What’s your next move? We’ve developed a set of easy-to-use diagnostic tools to help you move your business forward. Learn More

Less is More: Why Procter & Gamble is a Model for Other Holding Companies

By Kristy Gulsvig

Writers are occasionally reminded to “kill” their “darlings,” or ditch precious but unnecessary words or passages that weaken literary work. Similarly, in branding it is important for companies that want to build a strong house of brands to take a cold, hard look at their portfolio for brands that may not be pulling their weight.

Procter & Gamble is doing just that in announcing its plans to retire or sell more than half—close to 100— of its existing brands. That move will leave the company, which sells Tide, Charmin, Pampers, and many other household goods, with up to 80 of its strongest, most profitable brands. P&G is a classic “house of brands” or “holding company:” a proliferation of strong product brands with no overt connection to their corporate parent brand. Its move, under chief A.G. Lafley is a reminder that it is important for all complex B2B and B2C companies to occasionally—yes—clean house.

Less is indeed more when it comes to supporting a huge number of brands that are expensive to maintain. By retiring or selling such a large number of brands, P&G will be able reallocate money, support its best brands, and, perhaps, invest in developing innovative products that help it build an even stronger house of brands.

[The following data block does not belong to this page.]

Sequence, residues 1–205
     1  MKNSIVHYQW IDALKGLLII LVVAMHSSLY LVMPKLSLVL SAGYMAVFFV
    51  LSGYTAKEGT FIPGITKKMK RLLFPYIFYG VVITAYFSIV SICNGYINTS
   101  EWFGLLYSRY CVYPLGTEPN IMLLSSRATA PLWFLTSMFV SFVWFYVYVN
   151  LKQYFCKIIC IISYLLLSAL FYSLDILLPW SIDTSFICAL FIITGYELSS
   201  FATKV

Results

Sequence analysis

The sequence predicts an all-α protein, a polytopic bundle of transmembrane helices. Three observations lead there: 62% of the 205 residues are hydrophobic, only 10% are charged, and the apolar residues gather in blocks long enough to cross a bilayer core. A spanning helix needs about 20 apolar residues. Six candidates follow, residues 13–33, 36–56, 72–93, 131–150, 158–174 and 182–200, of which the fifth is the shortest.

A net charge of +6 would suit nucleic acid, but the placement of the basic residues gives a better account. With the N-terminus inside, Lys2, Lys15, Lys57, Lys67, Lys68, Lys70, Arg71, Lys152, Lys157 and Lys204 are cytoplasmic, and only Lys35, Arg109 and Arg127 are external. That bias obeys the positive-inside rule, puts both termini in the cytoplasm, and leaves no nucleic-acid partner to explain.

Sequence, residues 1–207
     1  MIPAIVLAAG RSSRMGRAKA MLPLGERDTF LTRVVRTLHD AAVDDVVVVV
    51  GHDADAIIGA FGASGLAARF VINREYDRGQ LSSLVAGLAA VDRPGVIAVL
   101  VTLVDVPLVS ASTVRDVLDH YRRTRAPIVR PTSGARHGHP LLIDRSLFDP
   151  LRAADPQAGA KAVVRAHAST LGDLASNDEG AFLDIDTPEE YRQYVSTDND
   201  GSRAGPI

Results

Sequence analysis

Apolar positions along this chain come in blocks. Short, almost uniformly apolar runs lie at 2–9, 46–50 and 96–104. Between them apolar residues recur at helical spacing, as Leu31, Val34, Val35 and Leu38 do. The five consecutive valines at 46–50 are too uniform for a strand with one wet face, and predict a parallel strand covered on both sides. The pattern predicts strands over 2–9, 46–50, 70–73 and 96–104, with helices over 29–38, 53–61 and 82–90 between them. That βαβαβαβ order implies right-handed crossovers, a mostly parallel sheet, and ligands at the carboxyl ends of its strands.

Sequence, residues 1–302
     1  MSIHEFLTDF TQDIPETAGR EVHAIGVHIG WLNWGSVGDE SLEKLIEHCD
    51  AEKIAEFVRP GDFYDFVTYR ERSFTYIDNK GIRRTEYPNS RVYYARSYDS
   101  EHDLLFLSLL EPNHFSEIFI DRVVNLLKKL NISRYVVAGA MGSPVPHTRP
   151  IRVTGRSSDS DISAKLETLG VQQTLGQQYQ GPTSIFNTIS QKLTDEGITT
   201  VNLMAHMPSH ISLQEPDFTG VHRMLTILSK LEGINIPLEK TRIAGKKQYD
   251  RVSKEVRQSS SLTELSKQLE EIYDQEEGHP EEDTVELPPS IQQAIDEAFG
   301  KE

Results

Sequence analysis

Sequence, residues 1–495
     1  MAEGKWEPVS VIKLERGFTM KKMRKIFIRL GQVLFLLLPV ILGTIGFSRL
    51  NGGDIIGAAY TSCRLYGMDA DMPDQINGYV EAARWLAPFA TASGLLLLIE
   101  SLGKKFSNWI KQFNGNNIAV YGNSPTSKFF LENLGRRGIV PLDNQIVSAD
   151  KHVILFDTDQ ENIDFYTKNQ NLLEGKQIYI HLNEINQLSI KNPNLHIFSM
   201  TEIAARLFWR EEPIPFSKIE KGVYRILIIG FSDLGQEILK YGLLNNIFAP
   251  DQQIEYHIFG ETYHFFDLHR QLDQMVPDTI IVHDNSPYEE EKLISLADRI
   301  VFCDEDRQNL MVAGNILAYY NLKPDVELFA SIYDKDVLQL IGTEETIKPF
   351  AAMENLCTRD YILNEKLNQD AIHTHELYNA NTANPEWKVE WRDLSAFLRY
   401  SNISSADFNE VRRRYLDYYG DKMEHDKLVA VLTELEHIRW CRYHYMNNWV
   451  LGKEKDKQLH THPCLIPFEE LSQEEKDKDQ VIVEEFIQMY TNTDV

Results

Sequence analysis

Brand architecture is a hot topic in the B2B world today. Often, there is a mistaken assumption that flashy, exciting “brand names” for new products, services, or features of products will attract market attention and ultimately spur more sales. In reality, years of such a philosophy results in a proliferation of often confusing product names that is difficult for customers – or even salespeople – to fully understand.

The right brand architecture strategy for a particular organization depends on many different factors. The only certainty is that without clear guidelines and regular review, a company’s brand portfolio can become unruly very quickly.

While P&G has not yet unveiled the brands it intends to retire, the company has already stated that the remaining brands will comprise 90% of the company’s $83 billion in annual sales and more than 90% of its profit. If there’s any question about this move it should be: What took so long?